This may come as a surprise to some of you, but at the end of the year I will be leaving high school teaching behind to explore other opportunities in history education. I plan to say more on this in a future post. For now, I want to share one new adventure that I will embark on in September. Earlier this year I was invited to create a research seminar for honors undergraduate students at the American Antiquarian Society in Worcester for this coming Fall semester. If I remember correctly, around twelve students from area colleges will be admitted to the seminar. This was certainly not something I anticipated, but I jumped at the opportunity.
Since 1978 the AAS has invited scholars to introduce students to the research process through a seminar focused on a specific historical subject. It’s been quite some time since I taught a college course, but given the emphasis that I’ve placed on primary source research throughout my teaching career and my own experience in the archives I feel up to the challenge. This will also give me the opportunity to explore the AAS’s collections for my own research projects. I am embarrassed to admit that I have yet to visit. Continue reading
Apart from the famous reunions at Gettysburg most of our images of Confederate and Union veterans reunions took place in the South. They typically involved the dedication of a monument or an entire battlefield. What we don’t know enough about involve examples of Confederate veterans traveling north. One such example took place in 1910 when a large group of veterans from the A.P. Hill Camp in Petersburg traveled to Springfield, Massachusetts for a July 4 celebration. Continue reading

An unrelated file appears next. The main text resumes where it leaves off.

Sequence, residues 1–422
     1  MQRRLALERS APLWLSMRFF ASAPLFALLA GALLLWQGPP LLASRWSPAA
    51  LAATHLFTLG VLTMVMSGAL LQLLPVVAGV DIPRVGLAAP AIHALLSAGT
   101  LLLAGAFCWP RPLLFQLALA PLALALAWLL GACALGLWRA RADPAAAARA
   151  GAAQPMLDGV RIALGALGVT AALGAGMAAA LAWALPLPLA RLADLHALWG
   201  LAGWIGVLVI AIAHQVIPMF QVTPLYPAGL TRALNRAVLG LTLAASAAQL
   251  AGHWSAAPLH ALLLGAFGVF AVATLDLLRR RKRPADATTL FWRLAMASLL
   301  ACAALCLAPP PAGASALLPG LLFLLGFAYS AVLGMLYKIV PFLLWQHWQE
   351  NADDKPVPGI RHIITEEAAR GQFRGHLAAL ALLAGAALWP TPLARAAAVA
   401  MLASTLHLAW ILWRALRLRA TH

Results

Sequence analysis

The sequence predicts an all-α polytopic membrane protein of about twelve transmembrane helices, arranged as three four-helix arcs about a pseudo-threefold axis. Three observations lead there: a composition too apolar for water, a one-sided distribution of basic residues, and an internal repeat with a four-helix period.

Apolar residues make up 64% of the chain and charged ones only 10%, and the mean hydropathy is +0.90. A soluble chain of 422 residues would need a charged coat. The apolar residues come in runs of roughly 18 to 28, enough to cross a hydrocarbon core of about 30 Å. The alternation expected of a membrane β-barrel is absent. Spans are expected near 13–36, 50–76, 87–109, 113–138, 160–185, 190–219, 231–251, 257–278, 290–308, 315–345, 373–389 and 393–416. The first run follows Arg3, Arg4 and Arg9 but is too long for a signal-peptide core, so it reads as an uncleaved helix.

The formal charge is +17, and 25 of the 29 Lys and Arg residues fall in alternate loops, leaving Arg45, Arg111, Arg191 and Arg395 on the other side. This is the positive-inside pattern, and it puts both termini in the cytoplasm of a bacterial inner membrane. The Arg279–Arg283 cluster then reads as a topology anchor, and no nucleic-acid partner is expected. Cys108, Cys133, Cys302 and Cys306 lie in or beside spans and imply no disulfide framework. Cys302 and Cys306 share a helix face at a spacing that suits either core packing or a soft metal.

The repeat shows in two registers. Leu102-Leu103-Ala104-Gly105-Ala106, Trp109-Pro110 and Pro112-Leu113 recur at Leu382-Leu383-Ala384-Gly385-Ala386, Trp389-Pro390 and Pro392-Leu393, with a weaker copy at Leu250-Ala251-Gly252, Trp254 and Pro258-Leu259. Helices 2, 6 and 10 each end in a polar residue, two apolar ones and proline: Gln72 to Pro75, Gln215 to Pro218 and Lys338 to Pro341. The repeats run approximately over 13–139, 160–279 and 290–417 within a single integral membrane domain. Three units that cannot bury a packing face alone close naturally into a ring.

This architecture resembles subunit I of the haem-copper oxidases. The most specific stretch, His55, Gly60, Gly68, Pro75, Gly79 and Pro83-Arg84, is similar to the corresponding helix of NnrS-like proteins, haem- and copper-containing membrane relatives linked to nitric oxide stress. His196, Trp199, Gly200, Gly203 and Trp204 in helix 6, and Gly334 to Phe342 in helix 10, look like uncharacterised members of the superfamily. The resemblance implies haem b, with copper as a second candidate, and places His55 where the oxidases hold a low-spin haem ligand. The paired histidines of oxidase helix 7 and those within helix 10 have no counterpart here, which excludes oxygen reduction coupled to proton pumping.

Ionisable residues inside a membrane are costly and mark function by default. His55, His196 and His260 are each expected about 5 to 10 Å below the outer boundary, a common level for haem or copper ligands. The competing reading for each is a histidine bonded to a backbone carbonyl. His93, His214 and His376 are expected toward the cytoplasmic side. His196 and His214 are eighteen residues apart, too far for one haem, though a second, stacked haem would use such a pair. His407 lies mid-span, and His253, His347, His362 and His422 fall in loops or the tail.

Next month I am scheduled to give a talk in Walpole, Massachusetts as part of their Civil War 150 commemoration. In my discussion with the event organizer I was reminded of a story I read a few years ago about a resident who lives next to the high school’s football field and displays a large Confederate flag facing the campus. The story is not just about this neighbor’s flag, but about the school’s own use of the Confederate flag and other symbols. Continue reading
On November 13, 1911 Union and Confederate veterans met on the Crater battlefield to dedicate a monument to all Massachusetts units that took part in the Petersburg Campaign. Alfred S. Roe delivered the dedication address and, not surprisingly, used the occasion to reinforce a public face of reconciliation with a narrative that reminded the audience of their shared history. We are talking major “gush”. I am using this event to open my essay on Massachusetts soldiers who fought at the Crater. Continue reading
Massachusetts Monument at the Crater
One of the individuals that I am looking forward to learning more about for this new article on the Crater is Colonel James Anderson of Springfield, Massachusetts, who was very active during the postwar period in organizing veterans reunions and monument dedications. His collaboration with George Bernard of the A.P. Hill Camp Confederate Veterans resulted in a visit of Confederate veterans of the battle of the Crater to Springfield in 1910. The following year the residents of Petersburg welcomed the veterans from Massachusetts to the Crater to dedicate a new monument.